For decades, the global pharmaceutical industry has spread a deceptive narrative justifying the ever-increasing, sky-high prices of drugs, vaccines and diagnostics as something necessary and inevitable. The Access Campaign has repeatedly challenged this deadly narrative, calling for affordable access to lifesaving medicines, prioritisation of people’s health over profits, and transparency around the research and development (R&D) process. Yet pharmaceutical corporations continue to perpetuate a series of myths about the development costs and pricing of medicines and other health products, in order to protect their profit-maximising practices – at the expense of people’s lives. One pharmaceutical financial investors’ report even went as far as to ask, “Is curing patients a sustainable business model?”
Here are some of the industry’s dirty, not-so-little secrets they’d prefer you not know!
Big Pharma exaggerates the costs of R&D of new medicines to justify their high pricing, and often categorise ‘opportunity costs’ and non-research activities, such as the cost of buying another company, as R&D costs. While Big Pharma often says it costs US$2-3 billion to develop a new drug, other credible estimates are at least 10 times lower – in the $100-200 million range.
Corporations free-ride off public, taxpayer-funded research at government and university laboratories, from which most new drugs and health technologies originate. They get tax credits and other financial incentives to ‘de-risk’ their research investments, and privatise and patent the resulting products. Then they charge high prices to taxpayers and governments.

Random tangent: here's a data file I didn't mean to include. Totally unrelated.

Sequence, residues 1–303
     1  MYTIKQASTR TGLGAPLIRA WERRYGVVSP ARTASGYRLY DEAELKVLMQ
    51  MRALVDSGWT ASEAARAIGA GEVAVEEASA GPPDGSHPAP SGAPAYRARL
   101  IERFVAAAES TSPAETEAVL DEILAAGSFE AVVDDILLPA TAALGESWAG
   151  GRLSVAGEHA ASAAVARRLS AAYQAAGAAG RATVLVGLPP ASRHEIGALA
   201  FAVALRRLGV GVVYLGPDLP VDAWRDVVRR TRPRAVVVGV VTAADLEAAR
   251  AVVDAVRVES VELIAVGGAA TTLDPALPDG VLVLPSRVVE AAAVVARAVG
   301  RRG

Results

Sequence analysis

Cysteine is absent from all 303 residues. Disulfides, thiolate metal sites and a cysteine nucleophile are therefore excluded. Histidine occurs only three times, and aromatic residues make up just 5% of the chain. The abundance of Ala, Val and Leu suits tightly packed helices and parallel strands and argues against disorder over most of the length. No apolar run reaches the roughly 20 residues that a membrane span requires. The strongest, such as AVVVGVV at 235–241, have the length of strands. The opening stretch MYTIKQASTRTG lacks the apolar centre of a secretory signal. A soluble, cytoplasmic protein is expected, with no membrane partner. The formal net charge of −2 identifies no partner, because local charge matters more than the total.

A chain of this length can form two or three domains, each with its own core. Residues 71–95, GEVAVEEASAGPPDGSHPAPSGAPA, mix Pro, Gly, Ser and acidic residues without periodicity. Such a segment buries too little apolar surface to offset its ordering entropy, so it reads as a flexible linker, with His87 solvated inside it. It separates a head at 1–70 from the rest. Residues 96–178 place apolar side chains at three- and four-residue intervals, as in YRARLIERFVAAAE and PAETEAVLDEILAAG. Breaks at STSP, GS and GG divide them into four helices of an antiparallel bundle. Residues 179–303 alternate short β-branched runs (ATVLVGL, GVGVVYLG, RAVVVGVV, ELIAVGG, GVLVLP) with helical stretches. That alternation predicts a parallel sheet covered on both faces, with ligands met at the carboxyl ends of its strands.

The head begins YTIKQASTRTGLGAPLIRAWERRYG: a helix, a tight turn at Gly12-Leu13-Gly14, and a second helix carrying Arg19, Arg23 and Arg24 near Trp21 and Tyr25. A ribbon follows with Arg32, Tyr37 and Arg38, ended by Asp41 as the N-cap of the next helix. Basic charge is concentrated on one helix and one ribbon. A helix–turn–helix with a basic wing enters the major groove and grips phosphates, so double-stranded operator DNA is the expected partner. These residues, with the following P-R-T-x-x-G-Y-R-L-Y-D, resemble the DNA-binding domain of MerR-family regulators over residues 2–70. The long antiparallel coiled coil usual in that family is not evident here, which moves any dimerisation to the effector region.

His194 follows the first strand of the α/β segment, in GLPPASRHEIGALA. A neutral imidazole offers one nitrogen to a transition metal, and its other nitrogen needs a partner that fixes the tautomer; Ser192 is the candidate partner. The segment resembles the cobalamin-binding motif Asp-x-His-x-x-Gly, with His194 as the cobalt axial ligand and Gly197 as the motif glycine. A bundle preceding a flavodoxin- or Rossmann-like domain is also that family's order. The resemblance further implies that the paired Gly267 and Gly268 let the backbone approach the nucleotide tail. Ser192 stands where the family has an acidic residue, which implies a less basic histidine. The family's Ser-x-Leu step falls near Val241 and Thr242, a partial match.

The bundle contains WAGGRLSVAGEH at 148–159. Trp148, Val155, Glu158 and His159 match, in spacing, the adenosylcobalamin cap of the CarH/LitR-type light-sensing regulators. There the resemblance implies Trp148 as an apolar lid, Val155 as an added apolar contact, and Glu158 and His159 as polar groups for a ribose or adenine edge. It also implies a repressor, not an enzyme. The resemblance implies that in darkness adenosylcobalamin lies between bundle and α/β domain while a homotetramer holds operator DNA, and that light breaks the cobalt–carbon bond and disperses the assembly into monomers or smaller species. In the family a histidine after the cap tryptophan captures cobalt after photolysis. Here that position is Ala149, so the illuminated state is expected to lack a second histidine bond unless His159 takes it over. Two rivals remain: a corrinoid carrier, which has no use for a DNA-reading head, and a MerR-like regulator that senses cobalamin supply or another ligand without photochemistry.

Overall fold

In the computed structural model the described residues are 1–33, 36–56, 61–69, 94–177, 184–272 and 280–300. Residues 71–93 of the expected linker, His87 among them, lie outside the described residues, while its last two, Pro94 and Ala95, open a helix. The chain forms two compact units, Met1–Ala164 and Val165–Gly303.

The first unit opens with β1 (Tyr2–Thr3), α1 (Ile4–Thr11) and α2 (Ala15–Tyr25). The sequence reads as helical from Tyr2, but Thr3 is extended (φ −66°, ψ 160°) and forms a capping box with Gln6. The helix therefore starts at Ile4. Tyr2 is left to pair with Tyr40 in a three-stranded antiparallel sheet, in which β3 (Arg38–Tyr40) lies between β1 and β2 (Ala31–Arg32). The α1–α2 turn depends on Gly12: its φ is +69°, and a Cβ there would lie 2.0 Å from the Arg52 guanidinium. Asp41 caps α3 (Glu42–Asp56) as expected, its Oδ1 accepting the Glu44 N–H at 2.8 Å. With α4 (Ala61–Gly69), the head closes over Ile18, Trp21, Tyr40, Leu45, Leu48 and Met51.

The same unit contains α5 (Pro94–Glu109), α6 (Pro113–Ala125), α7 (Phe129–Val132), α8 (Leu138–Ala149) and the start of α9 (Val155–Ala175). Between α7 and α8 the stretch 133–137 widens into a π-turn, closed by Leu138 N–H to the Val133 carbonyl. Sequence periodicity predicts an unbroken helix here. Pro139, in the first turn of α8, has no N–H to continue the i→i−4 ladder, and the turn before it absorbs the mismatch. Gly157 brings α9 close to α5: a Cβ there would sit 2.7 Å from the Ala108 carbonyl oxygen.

About two-thirds of the new drugs that arrive on the market are no better than what we already have. Pharma corporations put more effort into developing so-called ‘me-too drugs’ than finding true therapeutic breakthroughs.
A notorious pharma tactic is patent ‘evergreening’, where corporations file for additional patents on small changes to existing drugs, thereby lengthening their monopoly and blocking affordable generic products.
Time and again, Big Pharma uses pressure tactics or oppressive legal actions against low- and middle-income countries like India, South Africa, Thailand, Brazil, Colombia and Malaysia for prioritising people’s health over pharma’s interests. Together with some wealthy countries, pharma tries hard to influence international trade rules to benefit themselves, even if it hurts public health.
Big Pharma says they need huge profits so they can pay for R&D and innovation. But in reality, they spend more on share buybacks to boost their own stock prices, and on sales and marketing, than on R&D.